By Tanjim Sayeeda
Our bodies are inhabited by trillions of microorganisms ranging from archaea, protozoa, single-celled eukaryotes and viruses (Eloe-Fadrosh & Rasko, 2013). These microscopic organisms, termed microbiota, outnumber human cells 10 to 1 and are extremely rich in their diversity (Sender, Fuchs & Milo, 2016). They form various relationships with their hosts, such as commensal and parasitic, or, as is the case in humans, symbiotic. The human microbiota forms an ecological community within a specific area of the body such as the skin, nose, mouth and gut (Safaa, Hatice Kubra & Hasibe Cingilli, 2020).
The human gut is colonised by 1014 microbes and thus is the largest community within the human microbiota (Ursell et al., 2012). These commensal bacteria begin colonisation of the gut as early as birth, and the composition changes and develops throughout growth. The gut microbiota is important for the general health and development of humans as they aid growth, assist the immune system and help with digestion as well as mood regulation. The compositions of the human microbiota depend on various physiochemical factors like pH, host secretions and nutrients. However, external factors such as lifestyle, stress and age can also influence the composition (Zhang et al., 2015).
The microbiome refers to the genes that microorganisms harbour; many microbiome projects have been launched to help understand the symbiotic roles microorganisms may play within the human body. Interest towards the gut microbiome has increased over recent years due to the rapidly advancing sequencing technology nourishing large scale projects such as the Human Microbiome Project funded by United States National Institutes of Health that aspire to identify and characterise microbial species that make up the human microbiota. One of the projects being focused on is the onset of inflammatory bowel disease (IBD); multi-institutional effort is being made to understand how the gut microbiome develops over time for adults and children affected by IBD. Current research displays that the symbiotic relationship between host and gut microbiota is based on complex metabolic, neuroendocrine and immune interactions mediated by metabolites synthesised by microbes (Kho & Lal, 2018).
The composition and diversity of the gut microbiota is thought to be linked to multiple health conditions. Gastrointestinal conditions such as IBD, irritable bowel syndrome and other systemic conditions such as obesity, type 2 diabetes and atopy are linked with an imbalance in normal gut microbiota known as dysbiosis. Other diseases that dysbiosis may be responsible for are allergies, diabetes, obesity and cancer.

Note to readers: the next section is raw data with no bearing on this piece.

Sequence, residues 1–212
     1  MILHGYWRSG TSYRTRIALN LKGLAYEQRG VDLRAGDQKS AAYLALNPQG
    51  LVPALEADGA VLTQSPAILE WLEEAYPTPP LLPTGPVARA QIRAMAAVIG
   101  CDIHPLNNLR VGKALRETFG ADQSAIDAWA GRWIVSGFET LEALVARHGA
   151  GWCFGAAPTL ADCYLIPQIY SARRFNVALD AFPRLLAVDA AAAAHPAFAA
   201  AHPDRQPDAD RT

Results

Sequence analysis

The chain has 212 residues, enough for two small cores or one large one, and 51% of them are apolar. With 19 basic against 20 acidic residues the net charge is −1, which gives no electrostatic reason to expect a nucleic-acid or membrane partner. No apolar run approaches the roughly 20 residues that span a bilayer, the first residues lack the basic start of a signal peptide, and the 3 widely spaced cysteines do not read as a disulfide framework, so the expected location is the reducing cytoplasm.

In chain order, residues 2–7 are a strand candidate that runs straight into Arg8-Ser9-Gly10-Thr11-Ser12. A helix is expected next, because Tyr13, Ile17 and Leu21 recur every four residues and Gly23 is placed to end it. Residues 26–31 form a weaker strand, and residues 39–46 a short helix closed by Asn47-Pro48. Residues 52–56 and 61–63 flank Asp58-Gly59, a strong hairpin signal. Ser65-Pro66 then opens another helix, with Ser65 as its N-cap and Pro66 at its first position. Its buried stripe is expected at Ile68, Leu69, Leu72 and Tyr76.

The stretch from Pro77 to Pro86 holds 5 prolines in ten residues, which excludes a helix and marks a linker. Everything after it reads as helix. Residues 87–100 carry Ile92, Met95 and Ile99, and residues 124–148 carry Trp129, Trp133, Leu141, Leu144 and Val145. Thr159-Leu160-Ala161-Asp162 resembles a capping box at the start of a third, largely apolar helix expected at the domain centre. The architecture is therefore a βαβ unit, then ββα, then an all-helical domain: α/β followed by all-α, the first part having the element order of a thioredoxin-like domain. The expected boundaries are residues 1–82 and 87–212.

A healthy gut would be comprised of mainly strict anaerobes and fewer facultative anaerobes (organisms that have the capability of growing anaerobic conditions too). The microbiota is usually dominated by two bacteria phyla: Bacteroidetes and Firmicutes which are involved in metabolism of undigested food (Bull & Plummer, 2014). Gut bacteria live alongside the host in a commensal manner as they can supply nutrients, synthesise Vitamin K, aid cellulose digestion and promote enteric nerve function as well as angiogenesis; these commensal bacteria in return receive an abundance of nutrients from the host (Zhang et al., 2015).
One problem with research into the microbiome is answering the question of whether an unhealthy gut microbiota (lacking in diversity and composition) is correlative or consequential to disease? Assessing this question is made more difficult due to the confounding factors that are also known to affect the composition of gut microbiota; these include physiological and lifestyle differences between individuals. It is easy to misclassify a correlation between gut microbial composition and a disease if confounding factors such as age and gender are also affecting composition. A solution proposed to tackle this issue was one-to-one matching with individuals who shared the same age, gender and body mass index before comparison of gut microbiota is proceeded. When seeking differences between an affected individuals and healthy individual, there will be a statistically significant association between the disease and the abundance of certain bacteria in the gut. Contrastingly, when individuals who may or may not have the disease are matched with a confounding factor involved, the associations will not be statically significant. In this case, the diseases are most probably not stemming from the gut microbiota but another underlying issue. An example of this is how alcohol consumption can decrease the diversity of bacteria in the gut microbiota, and thus lead to misleading conclusions about the root of the disease (Anon., 2020).
Understanding the microbiota and the causal relationship it potentially has with human disease is a key topic of research that could benefit medicine to treat and identify susceptibility to many diseases of today.
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